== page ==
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Sunday, April 21
The Indiana Daily Student

arts review

COLUMN: ‘Pearl’ is an unhinged, technicolor nightmare that you won’t want to wake up from


SPOILER ALERT: This column contains potential spoilers about new film “Pearl.” 

Before there was “X,” there was “Pearl.” Or rather, before there was “Pearl,” there was “X.” 

The surprise prequel to Ti West’s hit retro slasher was announced during the end credits of “X.” West wrote the prequel while filming “X” and immediately began production once he wrapped shooting on the first film. 

Stylistically, “Pearl” is incredibly different from its predecessor. Where “X” drew inspiration from early American independent cinema and 1970s slasher films, “Pearl” is an ode to Classical Hollywood and 1950s melodramas. The film’s vibrant color palette and whimsical visuals are reminiscent of the fantasy world seen in the 1939 film “The Wizard of Oz.” 

But “Pearl” is definitely not a walk along the Yellow Brick Road. The film isn’t nearly as grimy and suspenseful as its predecessor, but the terror is very, very real. 

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“Pearl” is the origin story of the murderous elderly woman who wreaked havoc on an adult film crew at her Texas farmhouse. It takes place in 1918 when Pearl, played by Mia Goth, was a young woman. She wants nothing more than to escape her family and be a dancer in the pictures. The film traces her descent into madness and murder as she strives to become the biggest star the world has ever seen. 

“It has to be me,” Pearl repeats to herself outside of a dance audition in her small Texas town.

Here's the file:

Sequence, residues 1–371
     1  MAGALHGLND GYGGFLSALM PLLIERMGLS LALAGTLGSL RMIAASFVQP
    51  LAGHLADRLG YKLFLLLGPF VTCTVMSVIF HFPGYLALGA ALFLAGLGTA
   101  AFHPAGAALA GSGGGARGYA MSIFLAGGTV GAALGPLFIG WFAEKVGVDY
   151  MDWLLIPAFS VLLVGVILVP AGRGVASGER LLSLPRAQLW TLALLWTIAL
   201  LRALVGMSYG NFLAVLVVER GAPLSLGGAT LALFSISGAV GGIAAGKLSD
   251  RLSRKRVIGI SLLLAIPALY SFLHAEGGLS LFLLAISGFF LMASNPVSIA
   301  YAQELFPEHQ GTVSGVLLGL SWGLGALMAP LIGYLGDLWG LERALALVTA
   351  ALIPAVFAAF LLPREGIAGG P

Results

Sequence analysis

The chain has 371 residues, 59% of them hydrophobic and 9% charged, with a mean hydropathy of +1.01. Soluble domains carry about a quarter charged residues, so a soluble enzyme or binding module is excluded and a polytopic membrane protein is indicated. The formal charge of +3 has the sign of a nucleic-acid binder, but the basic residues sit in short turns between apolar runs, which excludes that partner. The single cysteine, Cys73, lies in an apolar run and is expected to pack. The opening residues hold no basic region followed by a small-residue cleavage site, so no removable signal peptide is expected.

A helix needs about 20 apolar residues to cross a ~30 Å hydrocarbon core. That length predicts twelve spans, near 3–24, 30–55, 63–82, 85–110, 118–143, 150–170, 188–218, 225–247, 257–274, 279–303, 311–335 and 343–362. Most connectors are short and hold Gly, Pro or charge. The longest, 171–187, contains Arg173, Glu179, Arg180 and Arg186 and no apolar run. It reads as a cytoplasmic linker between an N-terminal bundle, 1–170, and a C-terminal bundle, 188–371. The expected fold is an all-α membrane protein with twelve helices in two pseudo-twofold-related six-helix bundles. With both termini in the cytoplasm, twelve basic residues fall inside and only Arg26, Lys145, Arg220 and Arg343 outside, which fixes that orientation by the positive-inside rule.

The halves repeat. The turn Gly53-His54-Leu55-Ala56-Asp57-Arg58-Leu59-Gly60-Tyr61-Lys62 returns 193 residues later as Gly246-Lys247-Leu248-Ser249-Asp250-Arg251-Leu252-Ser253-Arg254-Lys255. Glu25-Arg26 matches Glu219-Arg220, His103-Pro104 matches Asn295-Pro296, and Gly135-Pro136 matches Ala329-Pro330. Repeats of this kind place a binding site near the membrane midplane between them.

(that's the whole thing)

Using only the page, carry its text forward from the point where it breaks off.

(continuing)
Since we already know she becomes a monster, Pearl is a ticking time bomb. She becomes more unhinged as more obstacles get in her way, whether that’s her German immigrant mother who despises Pearl’s selfishness or the obligation to care for her disabled father. 

When a charming film projectionist promises Pearl a life she can’t say no to, she goes fully off the rails. Her true demented self begins to shine through in a series of feverish daydreams and dance sequences. Pearl’s grip on reality slips as she loses herself in the quest for stardom.  

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The film has a hazy, nightmarish quality to it that wasn’t present in “X.” Pearl’s gruesome rampage wouldn’t be as terrifying if she wasn’t so unaware of the true horror of her actions.  

Goth gives an incredibly haunting performance as Pearl. Her complete commitment to the role is awe-inspiring, especially considering she co-wrote and produced the film with West. She isn’t afraid to make bold acting choices, all of which pay off. Her natural sweetness and sincerity conflict with Pearl’s terrifying behavior, which makes the character all the more interesting to watch. It’s no surprise people are comparing Goth to Shelley Duval and Sissy Spacek

In the third act, she delivers an unbroken 6-minute monologue that solidifies her performance as one of the best of the year. Centering such a flashy film’s climax around this grounded speech was a bold choice, but it brought much needed depth to the character.  

Overall, “Pearl” is an expertly crafted fever dream of a film; its visceral violence, melodramatic score and offbeat tone will pull you in from the very first frame.  

The final film in West and Goth’s “X” franchise, “MaXXXine,” can’t come soon enough.  

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